* At least one story directly addresses several of these questions. "The Veiled Lodger" opens with Watson openly saying that he's got boxes and boxes filled with records of cases that he and Holmes worked together to solve, but most of them will likely never see the light of day because those involved have asked him to keep them secret (which, we can presume, also includes Holmes). He assures the reader that he's happy to acquiesce to any reasonable request for confidentiality... but also notes that someone involved with a case has apparently tried resorting to burglary or other unscrupulous methods to get at his records in order to keep the affair he or she was involved with secret, with a barely-veiled warning that if said person doesn't knock it off sharpish the world will soon know rather a lot more about the affair " concerning "concerning the politician, the lighthouse, and the trained cormorant" than said person would presumably like. In addition to other examples listed, several stories also note that much of the affair in question is already public knowledge and Watson's just offering another perspective. So we can presume that with the stories that are published, either:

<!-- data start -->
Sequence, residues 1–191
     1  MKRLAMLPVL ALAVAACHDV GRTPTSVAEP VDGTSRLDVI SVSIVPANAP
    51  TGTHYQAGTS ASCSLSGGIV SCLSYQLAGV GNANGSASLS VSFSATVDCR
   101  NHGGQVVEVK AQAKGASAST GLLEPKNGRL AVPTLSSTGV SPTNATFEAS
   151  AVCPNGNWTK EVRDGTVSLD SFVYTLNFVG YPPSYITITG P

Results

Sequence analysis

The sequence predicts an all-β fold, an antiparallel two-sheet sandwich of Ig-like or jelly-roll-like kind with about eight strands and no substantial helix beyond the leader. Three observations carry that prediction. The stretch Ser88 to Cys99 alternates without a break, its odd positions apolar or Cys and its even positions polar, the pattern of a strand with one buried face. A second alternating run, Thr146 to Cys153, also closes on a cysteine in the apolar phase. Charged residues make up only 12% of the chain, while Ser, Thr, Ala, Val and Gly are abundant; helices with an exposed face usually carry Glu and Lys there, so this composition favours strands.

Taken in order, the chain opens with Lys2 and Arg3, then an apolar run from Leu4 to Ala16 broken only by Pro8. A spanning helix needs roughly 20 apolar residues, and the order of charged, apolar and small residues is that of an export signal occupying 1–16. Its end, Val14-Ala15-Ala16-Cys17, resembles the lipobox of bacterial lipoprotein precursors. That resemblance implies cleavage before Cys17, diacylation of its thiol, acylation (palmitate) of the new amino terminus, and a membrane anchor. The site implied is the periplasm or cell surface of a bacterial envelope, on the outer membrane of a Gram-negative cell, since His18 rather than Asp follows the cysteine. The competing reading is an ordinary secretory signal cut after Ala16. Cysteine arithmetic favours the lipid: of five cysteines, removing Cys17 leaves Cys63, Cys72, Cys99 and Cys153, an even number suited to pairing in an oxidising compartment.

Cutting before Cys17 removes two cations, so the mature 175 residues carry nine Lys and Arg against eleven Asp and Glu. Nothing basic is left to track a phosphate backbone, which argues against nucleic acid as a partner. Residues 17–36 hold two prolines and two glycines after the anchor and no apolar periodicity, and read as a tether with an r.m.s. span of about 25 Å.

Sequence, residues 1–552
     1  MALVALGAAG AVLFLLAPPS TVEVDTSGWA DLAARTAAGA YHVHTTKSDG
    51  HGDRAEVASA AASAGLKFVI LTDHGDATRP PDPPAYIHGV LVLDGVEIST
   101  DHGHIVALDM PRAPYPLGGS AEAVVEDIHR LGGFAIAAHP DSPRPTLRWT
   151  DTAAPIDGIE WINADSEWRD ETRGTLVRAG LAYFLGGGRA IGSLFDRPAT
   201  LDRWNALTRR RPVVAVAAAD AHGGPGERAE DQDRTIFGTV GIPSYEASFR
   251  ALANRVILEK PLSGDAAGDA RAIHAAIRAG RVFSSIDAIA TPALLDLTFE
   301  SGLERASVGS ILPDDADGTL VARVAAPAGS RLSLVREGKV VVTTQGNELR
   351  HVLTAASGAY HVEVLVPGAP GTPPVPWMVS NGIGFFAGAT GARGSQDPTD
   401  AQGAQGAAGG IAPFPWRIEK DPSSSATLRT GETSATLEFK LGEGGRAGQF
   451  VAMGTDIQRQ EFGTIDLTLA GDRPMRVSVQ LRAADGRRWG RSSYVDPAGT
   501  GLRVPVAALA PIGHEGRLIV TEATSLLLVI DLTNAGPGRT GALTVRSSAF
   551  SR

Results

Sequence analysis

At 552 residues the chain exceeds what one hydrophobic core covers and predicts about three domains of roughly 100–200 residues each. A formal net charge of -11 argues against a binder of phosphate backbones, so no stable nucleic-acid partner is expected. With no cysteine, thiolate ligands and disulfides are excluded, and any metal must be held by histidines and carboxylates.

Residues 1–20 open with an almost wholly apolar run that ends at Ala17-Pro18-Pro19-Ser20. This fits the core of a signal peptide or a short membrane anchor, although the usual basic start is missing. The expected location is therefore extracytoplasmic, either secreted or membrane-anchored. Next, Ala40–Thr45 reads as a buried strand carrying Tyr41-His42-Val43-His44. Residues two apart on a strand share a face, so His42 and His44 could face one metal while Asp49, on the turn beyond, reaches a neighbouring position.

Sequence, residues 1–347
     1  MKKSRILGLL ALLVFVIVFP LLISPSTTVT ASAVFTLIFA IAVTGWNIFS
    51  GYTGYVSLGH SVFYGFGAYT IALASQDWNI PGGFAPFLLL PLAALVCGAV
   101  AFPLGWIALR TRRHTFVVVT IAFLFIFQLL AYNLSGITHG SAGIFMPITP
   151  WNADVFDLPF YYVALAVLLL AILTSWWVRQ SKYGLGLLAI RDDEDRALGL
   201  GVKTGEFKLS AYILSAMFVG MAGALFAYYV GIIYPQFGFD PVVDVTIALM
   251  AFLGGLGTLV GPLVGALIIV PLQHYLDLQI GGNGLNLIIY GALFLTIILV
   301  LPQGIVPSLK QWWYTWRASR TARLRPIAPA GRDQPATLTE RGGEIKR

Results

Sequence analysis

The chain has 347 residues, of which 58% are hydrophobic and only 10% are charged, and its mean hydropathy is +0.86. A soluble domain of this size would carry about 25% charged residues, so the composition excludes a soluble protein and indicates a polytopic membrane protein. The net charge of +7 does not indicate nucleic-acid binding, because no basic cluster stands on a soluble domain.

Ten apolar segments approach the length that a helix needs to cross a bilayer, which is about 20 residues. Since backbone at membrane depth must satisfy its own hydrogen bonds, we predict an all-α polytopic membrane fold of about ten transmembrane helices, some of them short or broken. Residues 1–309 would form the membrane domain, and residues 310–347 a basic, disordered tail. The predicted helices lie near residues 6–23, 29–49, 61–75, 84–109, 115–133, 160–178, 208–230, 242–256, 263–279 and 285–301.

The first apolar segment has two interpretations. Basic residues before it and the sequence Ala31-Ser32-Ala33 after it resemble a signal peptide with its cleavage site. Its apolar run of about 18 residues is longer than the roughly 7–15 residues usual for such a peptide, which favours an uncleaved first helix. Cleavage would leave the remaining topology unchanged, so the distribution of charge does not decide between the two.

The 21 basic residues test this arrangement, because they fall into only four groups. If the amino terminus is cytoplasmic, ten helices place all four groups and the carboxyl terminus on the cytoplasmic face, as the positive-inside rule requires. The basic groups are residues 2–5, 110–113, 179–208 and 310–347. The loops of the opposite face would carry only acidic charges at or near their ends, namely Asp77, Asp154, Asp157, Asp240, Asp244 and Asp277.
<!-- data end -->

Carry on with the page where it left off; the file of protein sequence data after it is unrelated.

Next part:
Added DiffLines:

** It's admittedly a bit of a stretch, but this case does take place after Holmes's retirement, when his powers were presumably not as sharp as they once were. He might also have simply been distracted by trying to attend to the man dying right in front of him, and depending on the weather the man might have dried fairly quickly if it was a hot, sunny day.
13th Aug '17 5:57:58 AM Sparrowhawk
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* When Holmes discovered the dying victim, McPherson, the latter had just come up from being immersed - up to his neck - in water. Yet Holmes didn't notice any sign of this, despite physically handling McPherson. And when he found a dry towel by the water, he erroneously concluded that he had not gone into the water. Surely, given that McPherson had evidently donned his clothes in haste after leaving the water, Holmes should have noticed that the coat, trousers or shoes were damp - especially considering his extraordinary attention to detail!

to: